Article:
If elected, I would use my City Council seat to push for a ballot measure that would change the current business tax and fee structure into something that is far less of a burden on small businesses. This ballot measure would reduce taxes and fees for existing small businesses while also offering tax credit incentives to attract new small businesses to Campbell. The ballot measure would also call for a slight increase in taxes and fees for multi-billion dollar corporations as a means to remain revenue neutral and not add to the costs of the existing city budget. Ultimately, it would not be up to City Council, but to the people of Campbell when they cast their votes. I hope that I can count on you on Election Day, to bring this idea into reality, and make small businesses in our community multiply and thrive again!
Child care costs are out of control. Many families are unable to afford it and often end up being forced to leave the workforce to take care of their children at home. If elected to City Council, I would push for increased funding of our after school programs. This will allow for a wider variety of programs as well as the ability to serve a larger segment of the community - more kids in more classes! These classes would focus on sports, science, technology, arts, reading, math, and other skills that promote learning and team building. I would also work with the City to ensure that lower income families receive a reduced or possibly free rate for these after school programs.
We cannot wait any longer to address the need for more affordable housing. I have a vision where the city of Campbell makes sure that any new housing developments adhere as closely as possible to the wishes of those already living here. We can preserve our small town look and feel while also creating new housing that accounts for the population increase over the last decade. I will fight for policies that increase our housing stock by sensible means such as allowing home owners to convert their single family residences into a multi-family units, and by lifting restrictions on the building of ADUs (Accessory Dwelling Units). This allows much more freedom and extra income for home owners, as well as more affordable options for renters due to the greater availability of housing stock within our community. That's a WIN-WIN for Campbell residents!
I believe that a community can only thrive when everyone's basic needs are met. Currently, Campbell residents who are in need of food, have to rely on the generosity of a handful of churches who have limited supplies to distribute. I will work to establish an official food pantry here in Campbell, that will be kept well-stocked and focus on good nutrition. I'll also propose a door-to-door survey be conducted and/or a mailer be sent to every home as a means to help determine how many residents within our city are in need of healthy food. After this information has been collected, we 'll have a good idea regarding what our food pantry will require, and then work with local organizations and businesses to fulfill that need.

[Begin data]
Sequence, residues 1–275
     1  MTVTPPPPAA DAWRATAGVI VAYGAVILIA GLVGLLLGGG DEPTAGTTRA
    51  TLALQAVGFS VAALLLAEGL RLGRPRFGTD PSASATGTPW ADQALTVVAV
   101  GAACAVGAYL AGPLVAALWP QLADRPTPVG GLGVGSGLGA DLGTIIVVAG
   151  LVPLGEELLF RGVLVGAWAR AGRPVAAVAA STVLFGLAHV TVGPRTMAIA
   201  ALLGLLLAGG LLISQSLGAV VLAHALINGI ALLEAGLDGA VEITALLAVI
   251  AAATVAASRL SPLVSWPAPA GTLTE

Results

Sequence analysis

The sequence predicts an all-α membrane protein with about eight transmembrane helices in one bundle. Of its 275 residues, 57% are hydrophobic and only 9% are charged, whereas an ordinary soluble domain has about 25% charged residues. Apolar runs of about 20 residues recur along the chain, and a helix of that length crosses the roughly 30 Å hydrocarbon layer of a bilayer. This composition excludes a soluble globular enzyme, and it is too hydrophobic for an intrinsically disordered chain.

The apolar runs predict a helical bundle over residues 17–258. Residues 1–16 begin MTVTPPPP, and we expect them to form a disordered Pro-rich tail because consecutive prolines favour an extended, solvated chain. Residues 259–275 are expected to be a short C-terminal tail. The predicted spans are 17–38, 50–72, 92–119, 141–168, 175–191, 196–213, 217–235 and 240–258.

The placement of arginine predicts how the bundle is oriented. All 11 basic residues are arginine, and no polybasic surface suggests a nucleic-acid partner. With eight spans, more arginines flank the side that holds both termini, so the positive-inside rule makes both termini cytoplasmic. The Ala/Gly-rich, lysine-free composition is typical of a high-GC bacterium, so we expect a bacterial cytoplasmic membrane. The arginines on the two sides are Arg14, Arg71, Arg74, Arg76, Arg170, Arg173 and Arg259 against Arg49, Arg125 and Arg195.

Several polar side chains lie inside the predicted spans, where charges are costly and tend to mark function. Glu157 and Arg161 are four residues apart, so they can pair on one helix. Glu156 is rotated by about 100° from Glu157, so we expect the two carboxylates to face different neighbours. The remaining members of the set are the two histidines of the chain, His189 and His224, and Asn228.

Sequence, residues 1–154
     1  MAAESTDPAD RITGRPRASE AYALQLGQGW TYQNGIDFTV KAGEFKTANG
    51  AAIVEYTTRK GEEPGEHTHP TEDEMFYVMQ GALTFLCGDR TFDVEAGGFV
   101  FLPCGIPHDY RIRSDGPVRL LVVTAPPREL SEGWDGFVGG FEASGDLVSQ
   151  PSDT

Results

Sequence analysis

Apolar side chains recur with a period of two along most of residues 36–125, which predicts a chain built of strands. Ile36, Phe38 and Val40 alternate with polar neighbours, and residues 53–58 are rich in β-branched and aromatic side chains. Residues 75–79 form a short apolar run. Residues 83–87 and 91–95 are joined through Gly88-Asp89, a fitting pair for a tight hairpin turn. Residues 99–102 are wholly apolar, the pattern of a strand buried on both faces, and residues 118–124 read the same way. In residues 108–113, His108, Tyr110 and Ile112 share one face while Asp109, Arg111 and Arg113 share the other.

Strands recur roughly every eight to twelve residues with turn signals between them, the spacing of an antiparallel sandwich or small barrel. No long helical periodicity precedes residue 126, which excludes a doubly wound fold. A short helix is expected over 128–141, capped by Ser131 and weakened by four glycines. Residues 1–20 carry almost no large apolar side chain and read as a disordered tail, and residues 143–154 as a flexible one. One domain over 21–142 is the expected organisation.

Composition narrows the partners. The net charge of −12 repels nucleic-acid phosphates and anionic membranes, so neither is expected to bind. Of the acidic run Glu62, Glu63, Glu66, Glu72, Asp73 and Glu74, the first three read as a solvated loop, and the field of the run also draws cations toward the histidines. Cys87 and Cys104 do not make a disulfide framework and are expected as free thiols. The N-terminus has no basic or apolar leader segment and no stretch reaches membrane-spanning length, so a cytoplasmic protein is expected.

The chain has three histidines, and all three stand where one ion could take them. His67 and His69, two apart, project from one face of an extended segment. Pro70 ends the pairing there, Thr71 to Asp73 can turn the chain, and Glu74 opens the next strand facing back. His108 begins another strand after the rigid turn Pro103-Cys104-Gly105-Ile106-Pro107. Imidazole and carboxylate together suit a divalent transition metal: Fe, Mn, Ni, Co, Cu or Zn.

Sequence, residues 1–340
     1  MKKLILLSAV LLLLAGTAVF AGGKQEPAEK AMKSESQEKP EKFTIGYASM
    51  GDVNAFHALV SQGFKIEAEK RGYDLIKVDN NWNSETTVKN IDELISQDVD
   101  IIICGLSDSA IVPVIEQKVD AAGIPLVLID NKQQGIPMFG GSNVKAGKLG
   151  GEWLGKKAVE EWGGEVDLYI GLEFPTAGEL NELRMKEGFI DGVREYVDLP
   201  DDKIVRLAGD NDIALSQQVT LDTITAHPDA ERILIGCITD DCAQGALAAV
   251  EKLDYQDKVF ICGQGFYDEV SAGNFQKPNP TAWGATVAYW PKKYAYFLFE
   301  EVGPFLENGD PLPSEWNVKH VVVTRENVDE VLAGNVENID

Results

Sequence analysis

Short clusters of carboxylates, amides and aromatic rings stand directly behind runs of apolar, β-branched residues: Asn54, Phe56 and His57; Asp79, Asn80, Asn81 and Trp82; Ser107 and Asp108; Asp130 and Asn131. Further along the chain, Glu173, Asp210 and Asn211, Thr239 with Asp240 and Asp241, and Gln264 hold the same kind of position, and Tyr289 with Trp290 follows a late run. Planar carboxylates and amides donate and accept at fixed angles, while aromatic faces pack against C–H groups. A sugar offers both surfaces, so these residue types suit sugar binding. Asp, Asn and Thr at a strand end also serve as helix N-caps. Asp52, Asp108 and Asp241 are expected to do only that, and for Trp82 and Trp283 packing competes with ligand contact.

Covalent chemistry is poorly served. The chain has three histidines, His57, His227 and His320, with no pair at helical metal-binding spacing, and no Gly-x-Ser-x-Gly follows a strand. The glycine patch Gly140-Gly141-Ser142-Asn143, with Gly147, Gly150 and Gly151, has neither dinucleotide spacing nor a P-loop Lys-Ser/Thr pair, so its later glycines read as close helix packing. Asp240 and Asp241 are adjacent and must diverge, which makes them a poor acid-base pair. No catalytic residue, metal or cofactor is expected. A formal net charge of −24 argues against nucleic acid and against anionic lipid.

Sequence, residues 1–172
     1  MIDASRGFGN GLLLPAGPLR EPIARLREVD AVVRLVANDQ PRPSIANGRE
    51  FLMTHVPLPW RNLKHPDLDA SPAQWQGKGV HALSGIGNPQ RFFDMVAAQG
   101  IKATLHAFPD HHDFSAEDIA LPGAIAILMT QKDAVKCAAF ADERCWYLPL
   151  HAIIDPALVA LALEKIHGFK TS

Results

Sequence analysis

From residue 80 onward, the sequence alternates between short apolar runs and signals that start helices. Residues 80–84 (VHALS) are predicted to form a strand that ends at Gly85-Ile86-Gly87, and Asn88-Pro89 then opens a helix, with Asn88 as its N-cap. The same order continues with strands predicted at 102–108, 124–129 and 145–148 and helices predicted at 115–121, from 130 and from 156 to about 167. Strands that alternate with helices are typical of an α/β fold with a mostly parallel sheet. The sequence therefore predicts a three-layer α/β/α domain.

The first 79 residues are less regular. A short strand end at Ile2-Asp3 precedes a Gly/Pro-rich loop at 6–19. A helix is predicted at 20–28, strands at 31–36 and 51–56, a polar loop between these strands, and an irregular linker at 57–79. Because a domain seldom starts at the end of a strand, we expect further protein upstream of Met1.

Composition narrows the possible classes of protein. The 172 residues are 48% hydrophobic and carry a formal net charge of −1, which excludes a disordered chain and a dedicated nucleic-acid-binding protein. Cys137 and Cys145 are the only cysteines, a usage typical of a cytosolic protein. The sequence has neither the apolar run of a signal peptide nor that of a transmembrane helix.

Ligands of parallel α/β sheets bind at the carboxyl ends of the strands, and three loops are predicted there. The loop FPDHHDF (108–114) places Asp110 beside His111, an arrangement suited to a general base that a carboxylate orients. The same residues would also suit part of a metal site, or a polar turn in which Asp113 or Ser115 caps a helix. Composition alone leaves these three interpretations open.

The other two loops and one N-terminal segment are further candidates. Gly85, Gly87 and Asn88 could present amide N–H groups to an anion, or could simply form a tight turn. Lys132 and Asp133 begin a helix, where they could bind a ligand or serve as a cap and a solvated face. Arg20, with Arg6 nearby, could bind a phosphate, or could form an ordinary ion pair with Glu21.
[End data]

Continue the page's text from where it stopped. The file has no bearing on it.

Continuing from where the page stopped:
In an effort to stimulate local business growth and sustainability, while also assisting those most in need within the community, I'd advocate for the creation of a pilot program which I would call, the Campbell Cares Card. This would be a card issued to lower income Campbell residents, which would allow for the purchase of not only food, but other necessary goods from small businesses within our city. The first step would be to use the surveys which I have proposed to determine how many people living in Campbell are in need of additional assistance, at which point a random small group of them will be selected and issued their card. They would receive a small amount of money on a monthly basis for a limited time. Studies will be conducted to see how helpful the program is for not only them, but also the small businesses they choose to spend their money at. If the studies show it to be successful, we would expand the program to include more people. I believe that this would become a mutually beneficial system in which struggling families will be able to have their needs met, small businesses will gain more customers, and our city will prosper.
After finding out that crossing guards had been cut from the city budget while the purchase of an armored police vehicle (estimated to cost over half a million dollars) was being considered, I reached out to council members with my concerns. I urged them to prioritize spending public safety funds on what I would consider much more important things, such as ensuring that our children are able to walk to school unharmed. I'm happy to say that soon afterwards, they approved the funds needed to allow for the return of crossing guards. If elected, I would continue to advocate for public safety funds to be spent on the things that matter the most to our community.
Elliot for Campbell
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